PTSD is a psychiatric disorder that requires an environmental event that individuals may variously respond to. Because of this, gene-environment studies tend to be the most indicative of their effect on the probability of PTSD than studies of the main effect of the gene. Studies have demonstrated the interaction between the FKBP5 gene and childhood environment to predict the severity of PTSD. Polymorphisms in FKBP5 have been associated with peritraumatic dissociation in mentally ill children.[1]

A 2008 study of highly traumatized, inner city African Americans demonstrated that four polymorphisms of the FKBP5 gene interacted with severity of childhood abuse to predict severity of adult PTSD symptoms. This finding was partially replicated in a 2010 study, which reported that within the African American population, the TT genotype of the FKBP5 gene is associated with the highest risk of PTSD among those having experienced childhood adversity, while those with this genotype that experienced no childhood adversity had the lowest risk of PTSD.[1] In addition, alcohol dependence interacts with the FKBP5 polymorphisms and childhood adversity to increase the risk of PTSD in these populations.

A 2005 study found that FKPB5 mRNA was differentially expressed in emergency room trauma patients who were later diagnosed with PTSD. However, a 2009 study found FKPB5 mRNA expression was reduced in 9/11 survivors diagnosed with PTSD.[1]

Genetic influences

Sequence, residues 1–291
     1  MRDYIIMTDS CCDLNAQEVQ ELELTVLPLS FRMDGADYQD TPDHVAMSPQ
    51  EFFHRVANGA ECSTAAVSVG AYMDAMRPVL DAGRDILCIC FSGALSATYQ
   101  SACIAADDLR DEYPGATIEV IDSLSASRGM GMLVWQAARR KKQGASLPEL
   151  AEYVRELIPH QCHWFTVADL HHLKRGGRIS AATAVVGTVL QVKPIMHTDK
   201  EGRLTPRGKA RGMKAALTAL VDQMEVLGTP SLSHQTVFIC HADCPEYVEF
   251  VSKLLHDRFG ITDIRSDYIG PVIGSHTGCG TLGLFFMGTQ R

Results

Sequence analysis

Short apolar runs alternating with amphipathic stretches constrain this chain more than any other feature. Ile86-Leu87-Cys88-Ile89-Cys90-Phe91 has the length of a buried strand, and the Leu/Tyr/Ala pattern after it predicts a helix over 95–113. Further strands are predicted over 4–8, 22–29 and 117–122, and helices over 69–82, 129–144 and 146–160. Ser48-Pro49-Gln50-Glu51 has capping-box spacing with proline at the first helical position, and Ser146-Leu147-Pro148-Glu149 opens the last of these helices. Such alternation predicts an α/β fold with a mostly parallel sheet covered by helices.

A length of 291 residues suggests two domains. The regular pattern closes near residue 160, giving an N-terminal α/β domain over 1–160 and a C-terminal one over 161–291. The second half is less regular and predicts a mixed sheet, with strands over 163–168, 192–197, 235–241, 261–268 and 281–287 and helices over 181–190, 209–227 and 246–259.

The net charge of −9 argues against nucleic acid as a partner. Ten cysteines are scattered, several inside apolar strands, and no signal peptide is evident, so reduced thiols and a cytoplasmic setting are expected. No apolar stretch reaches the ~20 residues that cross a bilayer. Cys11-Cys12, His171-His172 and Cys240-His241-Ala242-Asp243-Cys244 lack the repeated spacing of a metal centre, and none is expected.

Catechol-O-methyl transferase (COMT) is an enzyme that catalyzes the extraneuronal breakdown of catecholamines. The gene that codes for COMT has a functional polymorphism in which a valine has been replaced with a methionine at codon 158. This polymorphism has lower enzyme activity and has been tied to a slower breakdown of the catecholamines. A study of Rwandan genocide survivors indicated that carriers of the Val allele demonstrated the expected response relationship between the higher number of lifetime traumatic events and a lifetime diagnosis of PTSD. However, those with homozygotes for the Met/Met genotype demonstrated a high risk of lifetime PTSD independent of the number of traumatic experiences. Those with Met/Met genotype also demonstrated a reduced extinction of conditioned fear responses which may account for the high risk for PTSD experienced by this genotype.[1]

Many genes impact the limbic-frontal neurocircuitry as a result of its complexity. The main effect of the D2A1 allele of the dopamine receptor D2 (DRD2) gene has a strong association with the diagnosis of PTSD. The D2A1 allele has also shown a significant association to PTSD in those having engaged in harmful drinking. In addition, a polymorphism in the dopamine transporter SLC6A3 gene has a significant association with chronic PTSD. A polymorphism of the serotonin receptor 2A gene has been associated with PTSD in Korean women. The short allele of the promoter region of the serotonin transporter (5-HTTLPR) has been shown to be less efficient then the long allele and is associated with the amygdala response for the extinction of fear conditioning. However, the short allele is associated with a decreased risk of PTSD in a low-risk environment, but a high risk of PTSD in a high-risk environment. The s/s genotype demonstrated a high risk for the development of PTSD even in response to a small number of traumatic events, but those with the l allele demonstrate increased rates of PTSD with increasing traumatic experiences.[1]

A genome-wide association study (GWAS) offers an opportunity to identify novel risk variants for PTSD that will in turn inform our understanding of the etiology of the disorder. Early results indicate the feasibility and potential power of GWAS to identify biomarkers for anxiety-related behaviors that suggest a future of PTSD. These studies will lead to the discovery of novel loci for the susceptibility and symptomatology of anxiety disorders including PTSD.[dubiousdiscuss][1]